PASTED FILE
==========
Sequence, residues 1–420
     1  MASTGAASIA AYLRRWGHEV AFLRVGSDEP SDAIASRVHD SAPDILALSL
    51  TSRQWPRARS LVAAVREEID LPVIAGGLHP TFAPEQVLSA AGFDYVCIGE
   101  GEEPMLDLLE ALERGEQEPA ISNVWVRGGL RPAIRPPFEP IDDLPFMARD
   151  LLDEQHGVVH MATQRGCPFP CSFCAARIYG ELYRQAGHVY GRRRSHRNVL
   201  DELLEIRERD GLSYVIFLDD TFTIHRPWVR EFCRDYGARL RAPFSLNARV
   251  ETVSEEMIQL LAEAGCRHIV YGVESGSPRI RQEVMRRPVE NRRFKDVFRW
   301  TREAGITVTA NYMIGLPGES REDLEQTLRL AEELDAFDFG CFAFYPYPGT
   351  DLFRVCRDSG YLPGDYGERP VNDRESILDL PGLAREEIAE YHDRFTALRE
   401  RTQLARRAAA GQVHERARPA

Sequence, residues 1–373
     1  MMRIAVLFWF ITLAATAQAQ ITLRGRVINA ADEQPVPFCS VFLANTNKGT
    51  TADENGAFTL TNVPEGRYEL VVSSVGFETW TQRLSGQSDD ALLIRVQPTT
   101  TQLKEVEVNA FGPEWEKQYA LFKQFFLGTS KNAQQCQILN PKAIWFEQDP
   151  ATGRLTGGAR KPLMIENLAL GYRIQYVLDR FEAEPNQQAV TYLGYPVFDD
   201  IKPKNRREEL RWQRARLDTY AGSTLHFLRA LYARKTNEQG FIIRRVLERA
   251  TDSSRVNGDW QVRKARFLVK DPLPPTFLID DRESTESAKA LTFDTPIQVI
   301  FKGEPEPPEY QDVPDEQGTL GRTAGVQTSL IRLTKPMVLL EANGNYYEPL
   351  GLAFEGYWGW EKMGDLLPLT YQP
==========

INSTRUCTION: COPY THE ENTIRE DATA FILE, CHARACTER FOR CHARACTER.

Sequence, residues 1–420
     1  MASTGAASIA AYLRRWGHEV AFLRVGSDEP SDAIASRVHD SAPDILALSL
    51  TSRQWPRARS LVAAVREEID LPVIAGGLHP TFAPEQVLSA AGFDYVCIGE
   101  GEEPMLDLLE ALERGEQEPA ISNVWVRGGL RPAIRPPFEP IDDLPFMARD
   151  LLDEQHGVVH MATQRGCPFP CSFCAARIYG ELYRQAGHVY GRRRSHRNVL
   201  DELLEIRERD GLSYVIFLDD TFTIHRPWVR EFCRDYGARL RAPFSLNARV
   251  ETVSEEMIQL LAEAGCRHIV YGVESGSPRI RQEVMRRPVE NRRFKDVFRW
   301  TREAGITVTA NYMIGLPGES REDLEQTLRL AEELDAFDFG CFAFYPYPGT
   351  DLFRVCRDSG YLPGDYGERP VNDRESILDL PGLAREEIAE YHDRFTALRE
   401  RTQLARRAAA GQVHERARPA

Sequence, residues 1–373
     1  MMRIAVLFWF ITLAATAQAQ ITLRGRVINA ADEQPVPFCS VFLANTNKGT
    51  TADENGAFTL TNVPEGRYEL VVSSVGFETW TQRLSGQSDD ALLIRVQPTT
   101  TQLKEVEVNA FGPEWEKQYA LFKQFFLGTS KNAQQCQILN PKAIWFEQDP
   151  ATGRLTGGAR KPLMIENLAL GYRIQYVLDR FEAEPNQQAV TYLGYPVFDD
   201  IKPKNRREEL RWQRARLDTY AGSTLHFLRA LYARKTNEQG FIIRRVLERA
   251  TDSSRVNGDW QVRKARFLVK DPLPPTFLID DRESTESAKA LTFDTPIQVI
   301  FKGEPEPPEY QDVPDEQGTL GRTAGVQTSL IRLTKPMVLL EANGNYYEPL
   351  GLAFEGYWGW EKMGDLLPLT YQP